McFaul announced his resignation as ambassador to Russia on February 4, 2014, effective after the Sochi Olympics.[19] John F. Tefft was confirmed as the next ambassador to Russia.[20]

McFaul returned to Stanford as a professor of political science. He also became a senior fellow at the Hoover Institution. He continued to be involved in geopolitics.[21] In October 2014, he stated that he believed the Russians continued to bug his and his wife's cell phones in the United States.[22] He is currently on the Kremlin's sanction list of people who are not allowed to enter Russia.[15]

On 2022, following the 2022 Russian invasion of Ukraine, McFaul and Head of the Office of the President of Ukraine Andrii Yermak heads an expert group called Yermak-McFaul International Expert Group, which developed an individual sanctions roadmap with plans in tightening sanctions against Russia.[23]

Russian opposition visit[edit]

On January 17, 2012, soon after McFaul was appointed the new United States Ambassador to Russia and arrived in Moscow to assume his post, opposition politicians and civil activists visited the Embassy of the United States in Moscow. At the entrance to the embassy, they were encountered by pro-Kremlin activists. The visitors to McFaul included Yevgeniya Chirikova (environment activist), Boris Nemtsov (leader of the People's Freedom Party at the time; assassinated in 2015), Lev Ponomarev (human rights activist), Sergey Mitrokhin (leader of Yabloko party), Oksana Dmitriyeva (deputy head of A Just Russia), Lilia Shibanova (head of the GOLOS Association elections monitor group). Leonid Kalashnikov from the Communist Party of the Russian Federation also attended.[24]

Reaction to the visit was mixed: then president Dmitry Medvedev, in his public comments at Moscow State University, largely exonerated McFaul by saying that meeting with opposition figures was a routine occurrence, although he warned the new U.S. ambassador that he was on Russian soil and should respect Russian political sensibilities.[25] The incident sparked a highly negative reaction in the state-controlled Russian media, which accused him of conspiring with the opposition, but was appreciated by activists and social media users.[15]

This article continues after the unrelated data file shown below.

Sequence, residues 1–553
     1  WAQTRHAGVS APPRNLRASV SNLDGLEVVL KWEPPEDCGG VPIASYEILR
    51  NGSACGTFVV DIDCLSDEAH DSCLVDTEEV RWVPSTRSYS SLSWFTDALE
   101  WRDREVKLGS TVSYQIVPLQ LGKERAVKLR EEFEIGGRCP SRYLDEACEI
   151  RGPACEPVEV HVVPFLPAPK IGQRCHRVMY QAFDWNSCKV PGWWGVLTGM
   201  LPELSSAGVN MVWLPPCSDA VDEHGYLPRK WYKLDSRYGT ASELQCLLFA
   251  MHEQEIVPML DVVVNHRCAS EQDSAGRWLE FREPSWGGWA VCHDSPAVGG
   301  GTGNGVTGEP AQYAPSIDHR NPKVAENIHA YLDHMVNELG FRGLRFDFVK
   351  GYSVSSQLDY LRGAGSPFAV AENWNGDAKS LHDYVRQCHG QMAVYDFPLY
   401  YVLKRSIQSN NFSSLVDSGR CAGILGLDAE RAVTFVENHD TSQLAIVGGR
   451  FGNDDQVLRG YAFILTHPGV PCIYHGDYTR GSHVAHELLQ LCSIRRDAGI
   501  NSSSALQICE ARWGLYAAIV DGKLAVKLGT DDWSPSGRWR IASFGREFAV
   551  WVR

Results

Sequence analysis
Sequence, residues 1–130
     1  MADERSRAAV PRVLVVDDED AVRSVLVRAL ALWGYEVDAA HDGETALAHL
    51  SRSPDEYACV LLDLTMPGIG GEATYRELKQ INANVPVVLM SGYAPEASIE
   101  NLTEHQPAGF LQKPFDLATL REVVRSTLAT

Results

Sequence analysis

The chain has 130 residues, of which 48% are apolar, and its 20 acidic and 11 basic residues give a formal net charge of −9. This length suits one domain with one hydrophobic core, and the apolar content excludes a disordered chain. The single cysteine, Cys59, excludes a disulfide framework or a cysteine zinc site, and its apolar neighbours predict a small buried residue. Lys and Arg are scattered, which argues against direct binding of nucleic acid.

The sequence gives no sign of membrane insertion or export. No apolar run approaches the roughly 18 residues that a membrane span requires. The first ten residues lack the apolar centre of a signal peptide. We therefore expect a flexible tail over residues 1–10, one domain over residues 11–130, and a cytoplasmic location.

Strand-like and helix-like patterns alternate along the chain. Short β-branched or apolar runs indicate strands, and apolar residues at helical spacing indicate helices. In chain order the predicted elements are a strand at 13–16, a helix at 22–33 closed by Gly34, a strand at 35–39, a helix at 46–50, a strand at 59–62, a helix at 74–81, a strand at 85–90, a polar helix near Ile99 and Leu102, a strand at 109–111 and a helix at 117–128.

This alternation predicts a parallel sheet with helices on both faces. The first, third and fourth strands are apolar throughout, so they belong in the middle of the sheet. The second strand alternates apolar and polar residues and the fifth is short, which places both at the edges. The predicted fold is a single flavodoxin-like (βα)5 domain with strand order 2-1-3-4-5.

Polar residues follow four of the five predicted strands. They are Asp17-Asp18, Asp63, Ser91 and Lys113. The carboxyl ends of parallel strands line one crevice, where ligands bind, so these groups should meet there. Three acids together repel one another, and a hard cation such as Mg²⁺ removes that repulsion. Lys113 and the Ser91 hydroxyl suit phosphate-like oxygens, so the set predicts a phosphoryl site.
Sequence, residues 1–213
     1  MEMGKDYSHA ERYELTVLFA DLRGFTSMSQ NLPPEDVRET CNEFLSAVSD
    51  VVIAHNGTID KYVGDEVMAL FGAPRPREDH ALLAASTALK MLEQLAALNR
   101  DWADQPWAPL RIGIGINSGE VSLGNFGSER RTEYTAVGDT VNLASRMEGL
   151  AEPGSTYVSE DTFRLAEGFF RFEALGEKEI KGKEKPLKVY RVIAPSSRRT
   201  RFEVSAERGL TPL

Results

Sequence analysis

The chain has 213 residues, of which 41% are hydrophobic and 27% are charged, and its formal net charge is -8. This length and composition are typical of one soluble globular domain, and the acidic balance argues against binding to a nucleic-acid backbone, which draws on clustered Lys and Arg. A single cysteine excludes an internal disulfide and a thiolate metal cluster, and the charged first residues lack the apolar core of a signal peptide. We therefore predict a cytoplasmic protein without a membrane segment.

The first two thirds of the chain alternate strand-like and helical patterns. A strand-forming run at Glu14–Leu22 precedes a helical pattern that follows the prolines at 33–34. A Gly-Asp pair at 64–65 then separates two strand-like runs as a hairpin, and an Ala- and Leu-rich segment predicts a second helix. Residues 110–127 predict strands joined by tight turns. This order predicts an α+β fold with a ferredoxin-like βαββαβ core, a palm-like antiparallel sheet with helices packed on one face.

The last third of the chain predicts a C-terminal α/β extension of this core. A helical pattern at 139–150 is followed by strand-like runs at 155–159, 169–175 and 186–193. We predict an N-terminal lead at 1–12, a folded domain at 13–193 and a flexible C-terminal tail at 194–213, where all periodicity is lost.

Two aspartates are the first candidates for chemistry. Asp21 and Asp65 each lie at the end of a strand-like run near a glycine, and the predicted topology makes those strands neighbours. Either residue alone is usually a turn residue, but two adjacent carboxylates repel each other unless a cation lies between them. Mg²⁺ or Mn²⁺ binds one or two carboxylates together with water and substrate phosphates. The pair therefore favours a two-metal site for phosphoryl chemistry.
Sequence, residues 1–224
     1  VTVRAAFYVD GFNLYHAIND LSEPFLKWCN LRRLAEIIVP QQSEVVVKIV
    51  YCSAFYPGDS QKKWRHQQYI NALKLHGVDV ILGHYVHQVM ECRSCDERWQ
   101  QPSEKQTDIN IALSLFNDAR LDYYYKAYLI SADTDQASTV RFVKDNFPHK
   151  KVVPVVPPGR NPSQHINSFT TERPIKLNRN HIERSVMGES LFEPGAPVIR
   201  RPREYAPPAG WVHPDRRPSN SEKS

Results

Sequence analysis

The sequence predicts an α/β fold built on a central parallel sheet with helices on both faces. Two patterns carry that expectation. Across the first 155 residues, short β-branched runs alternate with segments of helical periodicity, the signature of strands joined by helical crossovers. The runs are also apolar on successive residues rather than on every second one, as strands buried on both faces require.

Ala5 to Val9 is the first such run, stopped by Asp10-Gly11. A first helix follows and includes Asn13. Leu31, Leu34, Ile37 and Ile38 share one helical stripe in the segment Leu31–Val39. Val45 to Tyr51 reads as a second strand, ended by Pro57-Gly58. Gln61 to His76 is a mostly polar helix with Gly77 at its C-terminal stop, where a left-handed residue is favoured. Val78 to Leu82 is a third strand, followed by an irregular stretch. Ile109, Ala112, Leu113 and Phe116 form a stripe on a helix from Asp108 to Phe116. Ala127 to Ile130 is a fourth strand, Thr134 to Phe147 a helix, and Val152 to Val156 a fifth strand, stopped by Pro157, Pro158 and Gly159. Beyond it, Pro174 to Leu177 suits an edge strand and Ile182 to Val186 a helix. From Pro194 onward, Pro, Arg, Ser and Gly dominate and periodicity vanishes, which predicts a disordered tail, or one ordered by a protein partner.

Russian request for an interrogation[edit]

On July 17, 2018, the Prosecutor General of Russia announced that it was seeking to question McFaul, amongst other Americans, in relation to its investigation of allegations made against Bill Browder.[26][27] This followed a request Vladimir Putin made to President Donald Trump during the summit in Helsinki. In a White House news conference two days later, Press Secretary Sarah Huckabee Sanders said Trump described Putin's suggestion as an "interesting idea" and Trump "wants to work with his team and determine if there is any validity that would be helpful to the process".[28][29] On July 19, shortly before the Senate was to vote on a resolution opposing the idea, Sanders stated that Trump "disagrees" with the Putin proposal.[30] The Senate approved the non-binding "sense of the Senate" resolution on a 98–0 vote; it stated that no current or former diplomat or other government employee should be made available to the Russians for interrogation.[31]

Political positions[edit]

After the 2016 presidential election, he became a regular commentator on MSNBC and social media, and was frequently critical of the policies and actions of President Donald Trump with regard to Russia.[15]

McFaul supported the Iran nuclear deal.[32] In July 2019, McFaul wrote that Communist Party of China's officials "champion the advantages of their system — an ability to undertake massive infrastructure projects, the capacity to manage income inequalities and a commitment to harmony in government and society. In contrast, polarized U.S. politics in the Trump era seem to impede any major initiative, be it infrastructure development or addressing income inequality."[33]

McFaul debated the Russian invasion with John Mearsheimer in May 2022. McFaul has taken a position on the Russian invasion of Ukraine identifying Putin as a culprit in conducting the invasion of Ukraine against the position of Mearsheimer that Putin is pursuing a realist geopolitical plan to secure Russian national interests in the presence of perceived threats from an expanding NATO.[34]

Recognition[edit]

Coit D. Blacker called McFaul "the leading scholar of his generation, maybe the leading scholar, on post-Communist Russia" and a Stanford news release said his knowledge of Russia "was an important resource to politicians. He advised President George W. Bush on his dealings with Russian President Vladimir Putin".[11][35]

Personal life[edit]

McFaul and his wife, Donna Norton, married in 1993 and have two sons, Cole and Luke.[36]

Books[edit]

See also[edit]

Footnotes[edit]

  1. ^ U.S. Public Records Index Vol 1 & 2 (Provo, UT: Ancestry.com Operations, Inc.), 2010.
  2. ^ "Michael McFaul | Political Science". politicalscience.stanford.edu.
  3. ^ "Michael McFaul". Hoover Institution.
  4. ^ "Michael McFaul's Profile | Stanford Profiles". profiles.stanford.edu.
  5. ^ "Michael A. McFaul". cddrl.fsi.stanford.edu.